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Chinese nationalists and Thai meme-creators face off on Twitter

When Thai actor Vachirawit Chivaaree retweeted a photo of Hong Kong last week, he didn’t intend to set off a Thai-China political dispute. But what happened next was one part dystopian sci-fi, and one part a regular occurrence in the age of Chinese nationalist trolls: They attacked. He apologized. And a bizarre sequence of events happened.

Here’s how the saga unfolded.

How did Vachirawit rile up the Chinese internet?

It all started with a tweet from Vachirawit Chivaaree, a Thai-American actor who is also known as Bright. On April 9, the pop star showed appreciation for a since-deleted tweet that included photos of skylines in four locations around the world and a caption saying that the images were taken in “four countries,” one of which was Hong Kong.

After a Chinese internet user shared a screenshot of the retweet on Weibo, a torrent of criticism slammed him for disrespecting China’s national sovereignty by suggesting that Hong Kong was not part of China.

As the original post made the rounds on Weibo, the Japanese photographer who took the images apologized for his “lack of caution talking about Hong Kong” in a tweet on Thursday. He wrote: “To be honest, the caption wasn’t meant to imply any political stance in this conflict. I’m an outsider with no knowledge in this matter, and I only know HK as a beautiful place to be.”

Later that day, Bright replied on the same thread, saying that the controversial retweet was a “thoughtless” move on his part because he didn’t read the caption. “Next time there will be no mistake like this again,” he said.

While most Chinese critics found Bright’s swift apology convincing, the actor’s girlfriend, who goes by the name New, loudly inserted herself into the saga on Friday. She retweeted a popular COVID-19 conspiracy theory that China invented the virus in a lab in Wuhan, where the outbreak originated. The post shared by New also accused China of shifting blame for the emergence of the disease to the U.S., and hiding information regarding the outbreak by denying entry to foreign journalists.

Meanwhile, some dug out an old Instagram exchange between Bright and New, where the actor complimented a photo of his girlfriend in Taiwan, saying that she looked like a “cute Chinese girl.” Seemingly unhappy about the comment, New replied, “This is Taiwanese girl style.”

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What is #nnevvy?

New’s remarks were seen as an affront to the P.R.C. by a vast number of people on the Chinese internet, who rallied around hashtags such as #Bright’s girlfriend insulted China (in Chinese) to condemn her and call for a boycott of 2gether: The Series, a Thai drama that features Bright and is currently on air.

An army of Chinese nationalists also made their way to Twitter, which is blocked in China, to demand a public apology from New. Using the hashtag #nnevvy, which was New’s Twitter handle, legions of Chinese trolls flooded the platform with abusive and vicious comments about her. In addition to personal attacks, some also leveraged the controversy to spew out vitriolic, violent, and flat-out racist comments about Thai people and their government.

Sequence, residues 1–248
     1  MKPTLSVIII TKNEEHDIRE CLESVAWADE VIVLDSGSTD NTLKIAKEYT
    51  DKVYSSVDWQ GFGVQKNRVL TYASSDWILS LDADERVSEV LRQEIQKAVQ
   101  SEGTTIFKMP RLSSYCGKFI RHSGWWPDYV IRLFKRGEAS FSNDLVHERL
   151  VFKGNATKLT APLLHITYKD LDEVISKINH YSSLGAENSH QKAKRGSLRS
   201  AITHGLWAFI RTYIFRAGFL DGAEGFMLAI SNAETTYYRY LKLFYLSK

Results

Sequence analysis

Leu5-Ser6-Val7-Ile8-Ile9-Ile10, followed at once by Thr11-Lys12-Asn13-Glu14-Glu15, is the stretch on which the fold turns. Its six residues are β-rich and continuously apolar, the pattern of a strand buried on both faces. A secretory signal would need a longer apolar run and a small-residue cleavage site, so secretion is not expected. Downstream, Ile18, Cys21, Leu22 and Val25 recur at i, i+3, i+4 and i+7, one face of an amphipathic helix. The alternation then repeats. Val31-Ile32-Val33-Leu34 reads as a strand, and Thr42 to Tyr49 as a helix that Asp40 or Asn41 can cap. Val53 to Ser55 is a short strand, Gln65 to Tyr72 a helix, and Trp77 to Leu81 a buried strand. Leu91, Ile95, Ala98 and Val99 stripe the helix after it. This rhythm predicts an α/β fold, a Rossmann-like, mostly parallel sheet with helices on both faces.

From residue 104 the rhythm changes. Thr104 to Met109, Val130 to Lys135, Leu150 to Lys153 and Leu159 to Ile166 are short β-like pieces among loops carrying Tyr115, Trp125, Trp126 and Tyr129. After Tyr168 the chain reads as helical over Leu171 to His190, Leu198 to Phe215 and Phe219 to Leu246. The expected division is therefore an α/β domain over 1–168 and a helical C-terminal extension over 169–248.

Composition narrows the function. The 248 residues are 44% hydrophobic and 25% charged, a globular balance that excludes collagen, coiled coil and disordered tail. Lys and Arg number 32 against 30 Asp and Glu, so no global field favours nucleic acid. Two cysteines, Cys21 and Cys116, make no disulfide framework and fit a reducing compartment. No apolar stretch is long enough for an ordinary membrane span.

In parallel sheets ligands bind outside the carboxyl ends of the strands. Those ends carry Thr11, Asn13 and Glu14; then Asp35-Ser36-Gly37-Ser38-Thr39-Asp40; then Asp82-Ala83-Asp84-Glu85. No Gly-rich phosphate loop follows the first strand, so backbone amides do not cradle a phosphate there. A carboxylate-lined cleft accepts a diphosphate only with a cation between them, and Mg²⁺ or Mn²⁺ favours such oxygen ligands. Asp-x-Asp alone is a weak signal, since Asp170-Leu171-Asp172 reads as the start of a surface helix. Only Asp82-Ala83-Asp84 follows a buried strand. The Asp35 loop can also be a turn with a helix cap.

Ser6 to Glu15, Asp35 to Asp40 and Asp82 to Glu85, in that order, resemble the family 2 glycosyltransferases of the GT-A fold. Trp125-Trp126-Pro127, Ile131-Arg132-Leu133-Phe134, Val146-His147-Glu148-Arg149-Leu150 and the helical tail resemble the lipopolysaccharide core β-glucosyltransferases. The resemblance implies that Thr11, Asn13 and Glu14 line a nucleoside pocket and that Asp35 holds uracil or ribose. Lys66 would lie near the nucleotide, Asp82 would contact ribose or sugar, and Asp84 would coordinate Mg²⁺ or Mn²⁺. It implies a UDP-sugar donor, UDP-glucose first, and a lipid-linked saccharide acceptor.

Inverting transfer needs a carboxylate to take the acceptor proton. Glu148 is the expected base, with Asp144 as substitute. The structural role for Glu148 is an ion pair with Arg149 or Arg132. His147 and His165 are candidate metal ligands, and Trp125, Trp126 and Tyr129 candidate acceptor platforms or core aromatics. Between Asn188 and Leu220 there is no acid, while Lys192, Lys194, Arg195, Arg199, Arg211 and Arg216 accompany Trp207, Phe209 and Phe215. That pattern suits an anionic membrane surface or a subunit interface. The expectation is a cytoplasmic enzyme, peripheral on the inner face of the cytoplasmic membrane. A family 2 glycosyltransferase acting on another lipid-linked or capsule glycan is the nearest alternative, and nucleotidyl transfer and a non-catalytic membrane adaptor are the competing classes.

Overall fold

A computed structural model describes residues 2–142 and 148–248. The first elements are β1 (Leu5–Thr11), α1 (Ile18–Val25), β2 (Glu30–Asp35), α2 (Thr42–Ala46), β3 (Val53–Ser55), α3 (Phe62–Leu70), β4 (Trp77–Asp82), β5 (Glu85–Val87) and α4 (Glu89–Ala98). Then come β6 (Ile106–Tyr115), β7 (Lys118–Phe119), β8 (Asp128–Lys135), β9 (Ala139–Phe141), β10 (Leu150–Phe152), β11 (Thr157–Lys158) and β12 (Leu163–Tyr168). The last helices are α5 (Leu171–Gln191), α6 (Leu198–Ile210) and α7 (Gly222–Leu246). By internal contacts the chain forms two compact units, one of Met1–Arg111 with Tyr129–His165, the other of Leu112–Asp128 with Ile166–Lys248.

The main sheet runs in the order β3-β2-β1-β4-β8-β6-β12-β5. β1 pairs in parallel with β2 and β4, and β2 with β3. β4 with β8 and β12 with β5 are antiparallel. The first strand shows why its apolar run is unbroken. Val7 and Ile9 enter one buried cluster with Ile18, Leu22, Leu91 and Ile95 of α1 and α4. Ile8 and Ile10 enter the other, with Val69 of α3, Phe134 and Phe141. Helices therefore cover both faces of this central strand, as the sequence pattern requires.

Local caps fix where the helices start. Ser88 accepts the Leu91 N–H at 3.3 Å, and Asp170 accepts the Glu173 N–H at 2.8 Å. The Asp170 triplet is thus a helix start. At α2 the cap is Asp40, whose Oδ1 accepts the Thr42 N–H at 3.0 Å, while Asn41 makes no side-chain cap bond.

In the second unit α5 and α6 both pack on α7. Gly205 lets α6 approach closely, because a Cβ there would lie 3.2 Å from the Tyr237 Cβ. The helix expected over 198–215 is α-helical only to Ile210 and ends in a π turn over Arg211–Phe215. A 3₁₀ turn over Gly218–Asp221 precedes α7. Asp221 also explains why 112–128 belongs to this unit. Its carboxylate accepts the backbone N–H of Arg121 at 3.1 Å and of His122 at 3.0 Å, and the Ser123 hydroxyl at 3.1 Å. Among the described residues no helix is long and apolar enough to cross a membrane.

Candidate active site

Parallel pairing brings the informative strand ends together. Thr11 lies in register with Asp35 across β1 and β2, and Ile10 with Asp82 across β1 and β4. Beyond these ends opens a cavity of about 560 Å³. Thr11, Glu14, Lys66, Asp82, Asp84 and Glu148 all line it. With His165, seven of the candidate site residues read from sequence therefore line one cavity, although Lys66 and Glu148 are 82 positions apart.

When it comes to international social networks, bullying their opponents into submission and silencing criticism has been a common and mostly effective tactic employed by Chinese nationalist trolls. But this strategy didn’t translate well to the #nnevvy saga, where Thais who came to New’s defense masterfully handled the trolls with a meme-fueled online campaign targeting aggressive Chinese nationalists.

Note: NMSL is Chinese internet slang for “Your mom died” (你妈死了 nǐ mā sǐle), which Chinese internet trolls often use as an insult.

What’s the latest?

Ironically, one thing that confused the Chinese trolls in Thais’ responses was their lack of patriotism. When confronted with criticism about the Thai government, New’s supporters not only showed sheer indifference, but they also in some cases leaned into the attacks against their own authorities. After realizing that such tactics didn’t do anything for Thais, the Chinese nationalists have adopted a different approach to tamp down voices of their enemies.

In a popular post (in Chinese) on social media, the author encouraged Chinese internet users to report Thais who wrote critical comments about their own government to the cybersecurity office of Thai police. “I found that these Thais wouldn’t get hurt by any attacks,” the author said. “They love self-deprecation. They are sick! Let’s report them to the police.”

So far there’s no end in sight to the saga as both camps are still fervently exchanging jabs on social media. On the Chinese side, angry Weibo users have been urging the public to boycott tourism to Thailand. In response, the Tourism Authority of Thailand wrote a Weibo comment (in Chinese) on April 12, saying that remarks by a Thai celebrity was by no means an indication of Thai authorities’ position. “Please stay rational,” the government said.

Jiayun Feng

Jiayun was born in Shanghai, where she spent her first 20 years and earned a bachelor’s degree in journalism at Fudan University. Interested in writing for a global audience, she attended the NYU Graduate School of Journalism for its Global & Joint Program Studies, which allowed her to pursue a journalism career along with her interest in international relations. She has previously interned for Sixth Tone and Shanghai Daily.

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